NBA for Network-wide visibility

Shimel has taken a stab at defining zero-days (here)(here) and (here). Rothman has weighed in (here), so has the Mogull (here) – good stuff!

I am going to step out of the naming convention debate, but I did want to post on a technology area that can assist an organization in identifying suspicious behavior that may be indicative of an unknown exploit taking advantage of an unknown vulnerability.

Network behavior analysis (NBA), formerly referred to as NBAD, provides network-wide visibility through the collection of netflow, and generally coupled with native packet capture, can be used to detect behaviors that may be missed by other detection methods, such as intrusion prevention systems (NBA is NOT IPS). This visibility can be used to identify worms, unauthorized protocols and suspicious behavior. Steinnon has a nice write up (here) and (here)

In the right hands, they can assist in identifying zero-day attacks so that an organization can take actions to limit their impact – which is about all you can do against these type of attacks. They are obviously not a silver-bullet, and they are not anti-zero-day tools but the level of network visibility and analysis they provide, coupled with security context can certainly raise the bar on how quickly an organization can respond to such threats. Again the goal of security is not to prevent all bad things from occurring – this is an unachievable goal – the goal of security is to limit the probability of a successful incident and when one does occur, which it will, limit its impact on the environment.

“And that’s all I have to say about that.”

8 thoughts on “NBA for Network-wide visibility

  1. “Again the goal of security is not to prevent all bad things from occurring – this is an unachievable goal”.

    It is only unachievable if one believes it is unachievable, grasshopper. A system that is deny-by-default (a la Ranum) and operates with a white list of allowable privileges will prevent all bad things from happening-by default!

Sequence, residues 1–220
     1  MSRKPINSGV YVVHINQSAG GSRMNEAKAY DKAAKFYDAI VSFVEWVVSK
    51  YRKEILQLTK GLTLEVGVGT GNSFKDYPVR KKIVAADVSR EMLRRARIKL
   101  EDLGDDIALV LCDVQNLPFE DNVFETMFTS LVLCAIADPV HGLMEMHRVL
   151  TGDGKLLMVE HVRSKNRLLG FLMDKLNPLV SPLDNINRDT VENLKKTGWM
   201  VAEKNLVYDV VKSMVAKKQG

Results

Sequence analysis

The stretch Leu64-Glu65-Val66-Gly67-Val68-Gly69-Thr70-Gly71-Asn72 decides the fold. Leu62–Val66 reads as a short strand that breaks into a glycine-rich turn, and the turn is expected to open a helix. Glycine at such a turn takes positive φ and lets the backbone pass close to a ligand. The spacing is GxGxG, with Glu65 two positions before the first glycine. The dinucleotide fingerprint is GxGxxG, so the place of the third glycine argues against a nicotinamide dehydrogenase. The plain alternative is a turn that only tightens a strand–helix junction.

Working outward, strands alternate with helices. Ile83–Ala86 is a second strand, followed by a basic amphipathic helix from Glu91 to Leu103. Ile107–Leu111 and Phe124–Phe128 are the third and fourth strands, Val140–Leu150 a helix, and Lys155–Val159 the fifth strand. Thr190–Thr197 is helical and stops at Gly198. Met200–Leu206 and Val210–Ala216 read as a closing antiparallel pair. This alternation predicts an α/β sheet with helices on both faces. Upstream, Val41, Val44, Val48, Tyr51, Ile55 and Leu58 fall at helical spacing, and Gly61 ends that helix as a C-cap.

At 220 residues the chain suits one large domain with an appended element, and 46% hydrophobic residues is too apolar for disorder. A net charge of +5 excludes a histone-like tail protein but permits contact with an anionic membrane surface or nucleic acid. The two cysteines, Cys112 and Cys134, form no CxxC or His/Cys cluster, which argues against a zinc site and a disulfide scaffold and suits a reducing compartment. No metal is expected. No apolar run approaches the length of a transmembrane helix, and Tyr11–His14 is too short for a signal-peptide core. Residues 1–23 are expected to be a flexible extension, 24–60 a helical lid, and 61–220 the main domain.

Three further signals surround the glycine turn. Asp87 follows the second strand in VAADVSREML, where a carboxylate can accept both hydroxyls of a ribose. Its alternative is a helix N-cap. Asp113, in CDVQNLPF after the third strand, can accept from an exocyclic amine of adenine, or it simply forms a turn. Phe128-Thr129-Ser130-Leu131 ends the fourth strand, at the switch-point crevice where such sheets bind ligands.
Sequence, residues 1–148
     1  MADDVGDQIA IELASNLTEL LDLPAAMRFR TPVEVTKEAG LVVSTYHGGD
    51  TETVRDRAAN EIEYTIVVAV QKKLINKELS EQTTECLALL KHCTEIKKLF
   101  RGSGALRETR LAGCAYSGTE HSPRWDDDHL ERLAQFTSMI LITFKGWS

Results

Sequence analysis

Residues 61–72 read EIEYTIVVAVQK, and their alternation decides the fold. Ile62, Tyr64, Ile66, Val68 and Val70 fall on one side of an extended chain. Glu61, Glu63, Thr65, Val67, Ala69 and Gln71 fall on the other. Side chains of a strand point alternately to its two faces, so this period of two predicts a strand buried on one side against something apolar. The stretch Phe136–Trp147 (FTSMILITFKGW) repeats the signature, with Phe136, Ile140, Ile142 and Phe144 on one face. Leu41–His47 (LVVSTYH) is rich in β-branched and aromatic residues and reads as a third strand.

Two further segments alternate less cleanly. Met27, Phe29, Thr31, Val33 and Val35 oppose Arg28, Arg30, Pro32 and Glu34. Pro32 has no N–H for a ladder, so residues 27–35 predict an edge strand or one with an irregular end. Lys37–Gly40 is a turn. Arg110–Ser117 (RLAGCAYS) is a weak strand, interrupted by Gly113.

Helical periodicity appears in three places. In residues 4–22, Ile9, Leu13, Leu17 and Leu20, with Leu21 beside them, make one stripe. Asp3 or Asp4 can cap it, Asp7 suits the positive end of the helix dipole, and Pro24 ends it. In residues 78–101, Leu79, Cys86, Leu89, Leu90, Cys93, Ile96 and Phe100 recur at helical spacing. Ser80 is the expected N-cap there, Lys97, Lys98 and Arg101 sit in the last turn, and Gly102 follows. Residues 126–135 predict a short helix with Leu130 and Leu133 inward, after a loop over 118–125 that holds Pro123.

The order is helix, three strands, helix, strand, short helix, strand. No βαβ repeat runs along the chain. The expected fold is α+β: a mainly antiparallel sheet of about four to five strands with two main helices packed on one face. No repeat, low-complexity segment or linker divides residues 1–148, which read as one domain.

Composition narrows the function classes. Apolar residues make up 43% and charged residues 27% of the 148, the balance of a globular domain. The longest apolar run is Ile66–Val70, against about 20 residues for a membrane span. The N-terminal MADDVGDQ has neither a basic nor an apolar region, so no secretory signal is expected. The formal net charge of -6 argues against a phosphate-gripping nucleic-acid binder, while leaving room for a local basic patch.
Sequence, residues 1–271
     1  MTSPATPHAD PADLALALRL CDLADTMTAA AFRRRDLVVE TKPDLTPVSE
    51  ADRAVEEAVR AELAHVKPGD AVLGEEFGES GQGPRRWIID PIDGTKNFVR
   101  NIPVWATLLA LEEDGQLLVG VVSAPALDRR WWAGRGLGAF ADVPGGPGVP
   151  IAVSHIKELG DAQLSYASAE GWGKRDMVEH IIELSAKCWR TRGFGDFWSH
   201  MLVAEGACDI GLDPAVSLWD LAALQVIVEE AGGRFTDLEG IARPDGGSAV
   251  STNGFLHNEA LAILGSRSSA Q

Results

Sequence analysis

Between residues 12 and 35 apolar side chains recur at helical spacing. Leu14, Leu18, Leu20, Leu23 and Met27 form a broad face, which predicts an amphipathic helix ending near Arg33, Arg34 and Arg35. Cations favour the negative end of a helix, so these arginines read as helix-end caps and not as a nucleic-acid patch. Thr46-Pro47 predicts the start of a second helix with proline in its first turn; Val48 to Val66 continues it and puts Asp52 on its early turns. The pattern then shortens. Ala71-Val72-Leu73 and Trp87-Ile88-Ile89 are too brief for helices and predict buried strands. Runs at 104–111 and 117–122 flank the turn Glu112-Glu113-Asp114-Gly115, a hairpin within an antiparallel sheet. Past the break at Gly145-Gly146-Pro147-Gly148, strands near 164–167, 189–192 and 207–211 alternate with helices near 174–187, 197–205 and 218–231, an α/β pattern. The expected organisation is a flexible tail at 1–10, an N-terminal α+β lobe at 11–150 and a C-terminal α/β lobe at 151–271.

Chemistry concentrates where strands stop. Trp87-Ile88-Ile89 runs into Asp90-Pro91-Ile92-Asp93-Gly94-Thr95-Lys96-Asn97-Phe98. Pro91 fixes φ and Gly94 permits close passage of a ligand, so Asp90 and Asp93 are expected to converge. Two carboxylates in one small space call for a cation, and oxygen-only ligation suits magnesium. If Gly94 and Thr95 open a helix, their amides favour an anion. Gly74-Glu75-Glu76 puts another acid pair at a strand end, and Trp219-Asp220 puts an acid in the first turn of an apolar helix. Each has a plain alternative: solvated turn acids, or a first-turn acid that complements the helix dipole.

Network security will not be able to secure data at the document level, and you are therefore correct in making your statement in that context.

  2. A white-list that is deny-by-default will prevent all bad things from happening by default – A white-list will prevent all bad things huh? Not!

    Ranum is a smart guy, but there are very few enterprises that will ever come close to being able to define a white-list of allowable “things” throughout their environment, plus there is always the users, the administrators, and a whole set of methods to compromise them and other environmental variables.

    But if you want to go ahead and say that you can prevent all bad things from happening simply by believing it – be my guest

  3. I think MLS/TOS that provides user-centric security and is deny-by-default, and controls access to files on a per user basis, has far more chance of protecting data than network security, which is still reactive, ever will.

  4. BYW, did you read Decentralization and “Good Enough” Security by Gunnar Peterson?

    Here is what Mike Rothman said about that:

    ” He uses a decentralization vs. centralization metaphor to make the point that we are inextricably moving toward distributed data… That means the traditional, centralize and apply draconian policies of many security practitioners are no longer valid. Oh boy. If you aren’t following me, maybe this quote from the post will help: “The perimeter in an SOA is the document, not the network. The security model is defined by the security constructs in the document, not the network firewall.” That kind of screws everything up, no?…understanding the concept is critical. This is the case for why we need to separate out infrastructure security and data/information security.”

    However, we are probably 5-10 years away from a workable model that is information centric and manageable.

    A user-centric security approach is intuitive, logical and manageable, and we are doing it now. By asking who wants to ask data and what do they want to do with it, we reduce the need to focus on endpoint/device centric security somewhat. An endpoint device only has to be checked to be sure it is clean to enter the trusted network, but once on, if the user is not on the white list, he gets access to nothing, even if he changes endpoint devices 10 times.

  5. Far better chance of protecting data that is residing at rest, perhaps – but not in transit. Unfortunately once data leaves the box that is running whatever software you all are selling than none of it matters. Come on Rob you made a ridiculous comment that white-listing would prevent all bad things – give me a break.

  6. While white listing is going to become more and more the norm, no way does it prevent all bad things from happening. It will help limit bad things to those initiated by authorized personnel using authorized applications/protocols – the worst bad thankgs of all!

    -Stiennon (i before e Amrit! make it easier for me to find postings with Technorati πŸ™‚

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